This grant will address the problem of ensuring smart cities are inherently cybersecure by baking-in privacy-preserving and trustworthy cybersecurity mechanisms to the capabilities being deployed to make cities more intelligent. We will leverage the IAA grant to prepare and submit a couple of NSF Smart and Connected Communities (S&CC) proposals as well as an NSF Convergence Accelerator proposal that would fund the research necessary to achieve our goals. These proposals would enable the development of privacy-preserving distributed learning algorithms to enable secure data collection in smart cities and drive intelligent decision making that enhances the quality of life of residents and efficiencies of city infrastructure without increasing the risk of the cities to cyber-attacks and data leakages.

Trusted and Assured Autonomy at Scale for Resilient Socio-Physical Infrastructure in Extreme Events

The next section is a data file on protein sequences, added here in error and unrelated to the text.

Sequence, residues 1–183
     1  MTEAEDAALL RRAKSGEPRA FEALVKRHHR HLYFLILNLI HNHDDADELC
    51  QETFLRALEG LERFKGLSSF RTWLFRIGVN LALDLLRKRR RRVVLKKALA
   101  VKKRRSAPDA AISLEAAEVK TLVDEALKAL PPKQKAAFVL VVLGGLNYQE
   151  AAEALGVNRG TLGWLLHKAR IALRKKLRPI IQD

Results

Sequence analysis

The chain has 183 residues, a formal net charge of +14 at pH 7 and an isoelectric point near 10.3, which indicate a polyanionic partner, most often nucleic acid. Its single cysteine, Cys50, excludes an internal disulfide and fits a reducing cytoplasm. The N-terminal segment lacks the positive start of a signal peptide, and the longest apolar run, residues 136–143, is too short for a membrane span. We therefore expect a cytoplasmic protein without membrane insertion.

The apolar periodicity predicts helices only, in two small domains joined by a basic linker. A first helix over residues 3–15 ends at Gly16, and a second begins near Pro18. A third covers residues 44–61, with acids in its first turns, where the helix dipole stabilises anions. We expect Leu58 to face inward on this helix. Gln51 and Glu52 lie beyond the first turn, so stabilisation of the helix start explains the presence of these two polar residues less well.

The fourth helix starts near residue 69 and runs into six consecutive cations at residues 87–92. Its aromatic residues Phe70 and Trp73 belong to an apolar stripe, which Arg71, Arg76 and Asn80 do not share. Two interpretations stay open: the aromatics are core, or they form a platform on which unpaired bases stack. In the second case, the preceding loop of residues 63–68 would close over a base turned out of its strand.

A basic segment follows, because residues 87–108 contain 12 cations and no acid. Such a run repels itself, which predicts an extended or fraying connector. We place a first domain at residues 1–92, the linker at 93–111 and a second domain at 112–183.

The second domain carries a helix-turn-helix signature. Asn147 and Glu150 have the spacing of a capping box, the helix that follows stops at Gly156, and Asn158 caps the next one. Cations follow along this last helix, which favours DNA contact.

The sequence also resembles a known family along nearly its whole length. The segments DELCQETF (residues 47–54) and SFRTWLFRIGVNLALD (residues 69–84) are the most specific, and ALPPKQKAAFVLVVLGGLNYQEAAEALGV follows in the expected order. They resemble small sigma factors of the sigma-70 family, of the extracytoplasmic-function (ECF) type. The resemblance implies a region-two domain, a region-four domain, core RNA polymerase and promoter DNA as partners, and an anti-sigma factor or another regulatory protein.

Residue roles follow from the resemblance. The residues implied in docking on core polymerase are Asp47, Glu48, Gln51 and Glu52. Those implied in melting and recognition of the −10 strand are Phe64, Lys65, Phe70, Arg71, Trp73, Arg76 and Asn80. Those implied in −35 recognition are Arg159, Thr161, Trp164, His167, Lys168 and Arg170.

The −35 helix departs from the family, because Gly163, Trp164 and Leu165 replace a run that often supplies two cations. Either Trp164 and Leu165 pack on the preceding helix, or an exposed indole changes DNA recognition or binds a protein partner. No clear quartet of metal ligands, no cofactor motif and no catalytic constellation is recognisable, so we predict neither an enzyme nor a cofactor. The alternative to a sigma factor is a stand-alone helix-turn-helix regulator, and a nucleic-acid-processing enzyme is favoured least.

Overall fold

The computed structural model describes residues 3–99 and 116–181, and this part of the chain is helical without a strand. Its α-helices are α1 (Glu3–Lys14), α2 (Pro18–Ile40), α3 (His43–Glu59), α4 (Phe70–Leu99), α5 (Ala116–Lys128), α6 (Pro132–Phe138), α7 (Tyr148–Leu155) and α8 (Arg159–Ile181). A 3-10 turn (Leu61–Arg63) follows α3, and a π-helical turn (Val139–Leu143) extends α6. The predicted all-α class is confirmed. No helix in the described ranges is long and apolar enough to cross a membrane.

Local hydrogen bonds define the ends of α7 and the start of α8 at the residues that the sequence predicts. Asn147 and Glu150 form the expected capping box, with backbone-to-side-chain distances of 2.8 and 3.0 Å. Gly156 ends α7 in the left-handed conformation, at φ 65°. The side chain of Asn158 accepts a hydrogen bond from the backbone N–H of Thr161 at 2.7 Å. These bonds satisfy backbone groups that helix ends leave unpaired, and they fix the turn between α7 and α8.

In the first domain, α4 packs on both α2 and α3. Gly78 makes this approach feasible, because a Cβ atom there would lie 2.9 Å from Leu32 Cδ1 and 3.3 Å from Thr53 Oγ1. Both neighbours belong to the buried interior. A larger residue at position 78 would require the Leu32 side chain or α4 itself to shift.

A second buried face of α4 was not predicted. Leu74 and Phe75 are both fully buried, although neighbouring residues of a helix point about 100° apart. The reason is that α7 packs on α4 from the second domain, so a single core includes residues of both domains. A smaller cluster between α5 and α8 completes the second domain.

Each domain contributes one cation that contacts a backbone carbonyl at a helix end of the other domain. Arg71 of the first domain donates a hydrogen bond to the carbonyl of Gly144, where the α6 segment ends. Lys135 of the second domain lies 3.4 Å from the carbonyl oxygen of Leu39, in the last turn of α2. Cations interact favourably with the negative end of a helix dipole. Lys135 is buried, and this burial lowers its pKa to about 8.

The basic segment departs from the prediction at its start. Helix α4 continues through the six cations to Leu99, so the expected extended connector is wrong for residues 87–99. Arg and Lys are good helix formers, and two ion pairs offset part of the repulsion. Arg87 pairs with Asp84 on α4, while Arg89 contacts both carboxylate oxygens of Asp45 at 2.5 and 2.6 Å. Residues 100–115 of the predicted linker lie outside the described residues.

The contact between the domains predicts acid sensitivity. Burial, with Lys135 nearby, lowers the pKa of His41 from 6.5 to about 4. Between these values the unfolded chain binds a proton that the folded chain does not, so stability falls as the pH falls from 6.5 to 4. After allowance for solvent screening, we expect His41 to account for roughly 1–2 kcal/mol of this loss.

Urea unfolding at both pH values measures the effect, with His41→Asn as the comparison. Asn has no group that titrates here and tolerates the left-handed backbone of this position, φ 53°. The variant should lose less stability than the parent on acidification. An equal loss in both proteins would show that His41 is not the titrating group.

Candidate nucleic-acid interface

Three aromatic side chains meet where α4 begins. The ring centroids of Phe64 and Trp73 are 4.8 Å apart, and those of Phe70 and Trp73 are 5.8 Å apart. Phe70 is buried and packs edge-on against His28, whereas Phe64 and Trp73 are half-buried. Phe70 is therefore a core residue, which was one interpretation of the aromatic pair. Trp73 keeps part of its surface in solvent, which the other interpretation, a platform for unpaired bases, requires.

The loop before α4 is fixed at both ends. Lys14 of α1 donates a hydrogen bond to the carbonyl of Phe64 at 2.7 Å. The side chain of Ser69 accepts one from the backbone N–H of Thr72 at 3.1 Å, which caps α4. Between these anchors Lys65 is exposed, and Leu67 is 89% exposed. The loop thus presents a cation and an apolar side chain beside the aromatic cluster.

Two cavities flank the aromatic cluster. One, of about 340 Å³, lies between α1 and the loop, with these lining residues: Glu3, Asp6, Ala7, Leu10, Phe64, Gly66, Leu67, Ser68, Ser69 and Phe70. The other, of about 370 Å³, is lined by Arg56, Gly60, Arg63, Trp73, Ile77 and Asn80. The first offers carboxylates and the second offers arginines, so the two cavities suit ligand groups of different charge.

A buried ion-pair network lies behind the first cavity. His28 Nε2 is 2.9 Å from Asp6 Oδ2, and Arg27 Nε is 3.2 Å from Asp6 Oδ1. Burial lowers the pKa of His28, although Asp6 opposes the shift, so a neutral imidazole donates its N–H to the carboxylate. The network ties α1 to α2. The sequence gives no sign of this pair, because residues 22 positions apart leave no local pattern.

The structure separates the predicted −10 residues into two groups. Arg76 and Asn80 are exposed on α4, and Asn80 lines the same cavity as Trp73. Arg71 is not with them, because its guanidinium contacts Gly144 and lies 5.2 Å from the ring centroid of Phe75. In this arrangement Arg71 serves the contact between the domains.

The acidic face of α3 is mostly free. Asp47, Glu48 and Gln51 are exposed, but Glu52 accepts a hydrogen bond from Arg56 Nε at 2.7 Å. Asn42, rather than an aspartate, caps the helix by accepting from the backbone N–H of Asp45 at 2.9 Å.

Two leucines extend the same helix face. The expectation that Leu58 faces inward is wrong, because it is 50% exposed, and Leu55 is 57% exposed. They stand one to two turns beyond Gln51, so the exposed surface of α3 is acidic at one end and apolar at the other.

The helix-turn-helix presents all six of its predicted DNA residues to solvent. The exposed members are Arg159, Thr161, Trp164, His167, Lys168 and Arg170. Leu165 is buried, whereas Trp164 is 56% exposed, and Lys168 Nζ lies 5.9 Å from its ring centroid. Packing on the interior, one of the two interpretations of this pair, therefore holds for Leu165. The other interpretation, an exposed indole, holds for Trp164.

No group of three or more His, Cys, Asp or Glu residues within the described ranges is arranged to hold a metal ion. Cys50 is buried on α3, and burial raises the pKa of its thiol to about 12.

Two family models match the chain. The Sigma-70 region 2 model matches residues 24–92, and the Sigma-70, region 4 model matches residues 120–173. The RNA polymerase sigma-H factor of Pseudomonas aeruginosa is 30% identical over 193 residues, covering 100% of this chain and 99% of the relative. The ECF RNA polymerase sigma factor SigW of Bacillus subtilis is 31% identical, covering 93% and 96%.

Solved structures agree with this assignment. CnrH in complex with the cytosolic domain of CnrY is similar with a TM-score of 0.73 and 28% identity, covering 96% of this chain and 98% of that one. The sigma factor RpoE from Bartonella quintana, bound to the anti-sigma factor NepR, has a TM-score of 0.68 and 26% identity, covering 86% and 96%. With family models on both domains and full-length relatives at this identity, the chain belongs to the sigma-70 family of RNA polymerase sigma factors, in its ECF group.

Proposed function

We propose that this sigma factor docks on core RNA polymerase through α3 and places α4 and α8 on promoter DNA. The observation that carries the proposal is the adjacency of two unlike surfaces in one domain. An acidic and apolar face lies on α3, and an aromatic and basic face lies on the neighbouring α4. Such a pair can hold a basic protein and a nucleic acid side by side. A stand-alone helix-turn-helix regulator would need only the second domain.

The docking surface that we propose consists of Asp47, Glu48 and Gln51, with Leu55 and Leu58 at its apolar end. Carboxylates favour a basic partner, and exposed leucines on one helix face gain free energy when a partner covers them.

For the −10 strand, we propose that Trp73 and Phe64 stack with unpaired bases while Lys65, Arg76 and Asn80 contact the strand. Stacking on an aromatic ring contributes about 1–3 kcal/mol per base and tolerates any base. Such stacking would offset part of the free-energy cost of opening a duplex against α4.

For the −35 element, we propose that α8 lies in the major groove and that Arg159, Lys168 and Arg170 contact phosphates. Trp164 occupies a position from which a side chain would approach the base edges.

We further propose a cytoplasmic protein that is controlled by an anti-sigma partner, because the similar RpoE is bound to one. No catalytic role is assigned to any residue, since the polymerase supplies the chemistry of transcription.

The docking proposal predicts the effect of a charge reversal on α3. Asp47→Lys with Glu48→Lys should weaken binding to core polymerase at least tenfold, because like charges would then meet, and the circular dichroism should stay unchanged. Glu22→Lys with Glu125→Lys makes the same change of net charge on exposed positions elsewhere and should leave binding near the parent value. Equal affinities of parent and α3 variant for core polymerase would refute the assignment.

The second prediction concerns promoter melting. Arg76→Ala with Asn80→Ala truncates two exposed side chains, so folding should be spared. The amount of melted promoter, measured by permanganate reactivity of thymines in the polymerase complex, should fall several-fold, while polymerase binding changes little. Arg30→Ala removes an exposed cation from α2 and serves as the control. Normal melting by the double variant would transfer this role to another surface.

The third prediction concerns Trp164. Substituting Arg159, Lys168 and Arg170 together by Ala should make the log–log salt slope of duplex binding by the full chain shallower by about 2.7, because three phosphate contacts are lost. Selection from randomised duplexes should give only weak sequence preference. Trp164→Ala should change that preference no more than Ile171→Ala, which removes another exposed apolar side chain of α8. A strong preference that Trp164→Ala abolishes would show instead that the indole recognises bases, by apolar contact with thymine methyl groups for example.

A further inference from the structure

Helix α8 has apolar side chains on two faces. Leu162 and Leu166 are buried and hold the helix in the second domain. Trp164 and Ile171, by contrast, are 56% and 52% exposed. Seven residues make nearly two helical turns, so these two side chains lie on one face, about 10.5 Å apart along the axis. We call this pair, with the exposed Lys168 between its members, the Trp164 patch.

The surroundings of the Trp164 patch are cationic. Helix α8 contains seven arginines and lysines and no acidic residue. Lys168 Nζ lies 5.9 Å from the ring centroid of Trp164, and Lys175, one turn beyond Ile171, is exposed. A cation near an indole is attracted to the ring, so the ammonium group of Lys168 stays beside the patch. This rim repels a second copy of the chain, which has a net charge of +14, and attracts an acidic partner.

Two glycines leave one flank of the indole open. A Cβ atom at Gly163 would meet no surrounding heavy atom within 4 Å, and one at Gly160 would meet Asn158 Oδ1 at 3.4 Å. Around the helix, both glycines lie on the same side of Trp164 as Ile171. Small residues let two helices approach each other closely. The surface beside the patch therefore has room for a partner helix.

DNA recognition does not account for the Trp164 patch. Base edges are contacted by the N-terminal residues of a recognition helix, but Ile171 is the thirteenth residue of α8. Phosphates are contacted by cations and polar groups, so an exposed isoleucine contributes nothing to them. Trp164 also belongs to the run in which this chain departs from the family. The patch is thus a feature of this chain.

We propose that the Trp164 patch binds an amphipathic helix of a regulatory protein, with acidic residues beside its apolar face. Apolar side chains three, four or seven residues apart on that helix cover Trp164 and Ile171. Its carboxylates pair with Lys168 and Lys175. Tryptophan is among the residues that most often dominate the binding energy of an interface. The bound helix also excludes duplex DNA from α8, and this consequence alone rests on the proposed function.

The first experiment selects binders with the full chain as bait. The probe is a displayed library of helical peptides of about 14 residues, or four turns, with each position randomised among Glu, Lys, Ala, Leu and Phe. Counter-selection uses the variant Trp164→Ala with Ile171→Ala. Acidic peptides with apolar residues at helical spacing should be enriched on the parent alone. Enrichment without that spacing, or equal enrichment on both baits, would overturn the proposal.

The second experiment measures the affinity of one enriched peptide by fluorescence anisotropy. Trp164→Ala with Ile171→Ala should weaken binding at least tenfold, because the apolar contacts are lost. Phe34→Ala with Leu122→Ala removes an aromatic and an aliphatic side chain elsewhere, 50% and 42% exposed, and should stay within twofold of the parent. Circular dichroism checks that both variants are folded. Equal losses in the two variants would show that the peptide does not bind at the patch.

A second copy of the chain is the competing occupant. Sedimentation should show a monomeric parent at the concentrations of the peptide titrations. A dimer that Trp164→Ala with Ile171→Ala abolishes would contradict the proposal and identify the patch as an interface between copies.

PIs: I-Jeng Wang (PI, APL), Angie Liu (PI, WSE)

Ensuring the robustness of critical infrastructure under the stress of imminent extreme events, including both natural and man-made disasters, will require trusted decision-making under uncertainty, at scale, and across both social (health systems, civil and utility services, transport systems, public education, etc.) and physical (power grid, roadways, communications, etc.) infrastructures.  A system-level analysis of risks and potential vulnerabilities resulting from the AI/ML-based autonomy that is increasingly integrated into our infrastructure is critical to producing infrastructure that is resilient to extreme events.  In addition, strategic and effective use of trusted autonomy may significantly improve the ability of our infrastructure to prepare for and respond to challenging events. Large-scale and collaborative decision-making under uncertainty will be a key element of humanity’s response to imminent threats from climate change, conflict, and pandemics.